2. Fingering or ghosting. We have all seen fire kind of wisp through smoke. It is spooky and in a very unsettling way beautiful. It is also dangerous.
  3. Sudden increase in heat. When you feel that room get significantly hotter, get yourself moving.

Sadly, as our gear improves, we get placed in more danger. We can go deeper into the fire now but by the time we feel that heat on our bodies it may be too late to get to safer conditions. Be aware of indicators other than heat to key in on flash potential.

Another concern is the short time in which a fire can flash. Years ago when dealing with legacy furnishings we did not have to worry about flash occurring in the first few minutes we were on scene. We knew we had a little time to get in there, "get the seat," and get the hell out and go have a cold one with the boys. This is not the case now. Modern furniture is more focused on cost, weight, and convenience, and the result is a large number of products on the market that are polyfoam-based. These give off tremendous heat in a hurry.

This means flash is happening a lot faster than we ever thought it could. Quicker flash means we have to react faster. That's why crews now really need to study and understand modern fire behavior. We are not fighting the fires we fought a decade ago.

III. Smoke Explosion

We all know that smoke is the product of incomplete combustion and is, therefore, fuel. This fuel gathers in pockets and stirs about eagerly awaiting two things. The first is a way out: an opening that will let the smoke seek a cooler atmosphere and vacate the building. The second is an ignition source. This source could be a faint spark.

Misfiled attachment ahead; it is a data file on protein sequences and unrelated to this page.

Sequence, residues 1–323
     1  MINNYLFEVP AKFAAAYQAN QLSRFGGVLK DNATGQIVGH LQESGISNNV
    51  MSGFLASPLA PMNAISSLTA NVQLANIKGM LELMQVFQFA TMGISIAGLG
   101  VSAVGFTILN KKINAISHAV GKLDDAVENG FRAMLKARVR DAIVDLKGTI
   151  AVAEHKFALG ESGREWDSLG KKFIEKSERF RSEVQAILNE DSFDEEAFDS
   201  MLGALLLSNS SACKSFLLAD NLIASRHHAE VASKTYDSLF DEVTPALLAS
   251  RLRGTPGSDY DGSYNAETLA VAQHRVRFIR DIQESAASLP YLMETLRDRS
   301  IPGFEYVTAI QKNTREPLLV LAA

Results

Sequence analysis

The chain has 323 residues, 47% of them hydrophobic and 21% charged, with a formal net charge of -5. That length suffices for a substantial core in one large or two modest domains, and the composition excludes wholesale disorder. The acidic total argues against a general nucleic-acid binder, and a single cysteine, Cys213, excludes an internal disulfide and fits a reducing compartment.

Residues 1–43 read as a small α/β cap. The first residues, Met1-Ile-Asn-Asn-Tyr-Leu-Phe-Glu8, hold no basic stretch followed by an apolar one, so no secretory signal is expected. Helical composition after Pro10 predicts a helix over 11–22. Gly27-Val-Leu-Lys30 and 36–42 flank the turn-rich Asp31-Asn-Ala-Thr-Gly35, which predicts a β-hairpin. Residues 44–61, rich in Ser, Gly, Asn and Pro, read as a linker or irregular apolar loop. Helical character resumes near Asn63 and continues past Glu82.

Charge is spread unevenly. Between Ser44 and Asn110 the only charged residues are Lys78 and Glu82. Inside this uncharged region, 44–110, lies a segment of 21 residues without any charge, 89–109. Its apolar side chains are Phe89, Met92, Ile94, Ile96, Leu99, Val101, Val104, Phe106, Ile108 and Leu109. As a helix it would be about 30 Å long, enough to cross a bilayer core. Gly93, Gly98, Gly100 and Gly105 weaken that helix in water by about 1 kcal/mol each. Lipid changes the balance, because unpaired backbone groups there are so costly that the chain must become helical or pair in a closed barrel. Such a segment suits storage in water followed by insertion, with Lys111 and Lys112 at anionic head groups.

Once the source is discovered the the smoke will ignite with great force and power. The result resembles a backdraft and is often mistaken for one. The real difference is that backdraft requires air to do its damage, while smoke explosion needs an ignition source.

The risk is greater in a small compartment or void not yet involved in the fire. You need to look for the risk factors: cooler temperatures inside the fire, and accumulations of large amounts of smoke.

Ventilation is the key to preventing smoke explosion. Ventilate well, and coordinate with attack crews to maximize efforts.

Rapid fire spread: Prevent it!
Rapid fire spread: Prevent it!

IV. Rapid Fire Spread

This one may seem not to fit in as well as the other three but I assure you this is an issue. For me the main concern with rapid fire spread is for us to catch the things that can cause it before we let it happen. Balloon frame construction, inadequate holes made by plumbing or remodeling, and of course stairwells.

Other factors can contribute to rapid fire spread. Finishings on wood are big movers of fire. A varnish will act as an accelerant much like gasoline or other flammable liquids. Rapid fire spread can cause a fire to get away from us and make our jobs difficult if not impossible.

As firefighters we need to handle this one by being on the top of our game. Get in there and get the job done before the fire can get that head start on you, know the elements of a home or structure that will cause rapid fire spread, and know how you can counter them if possible.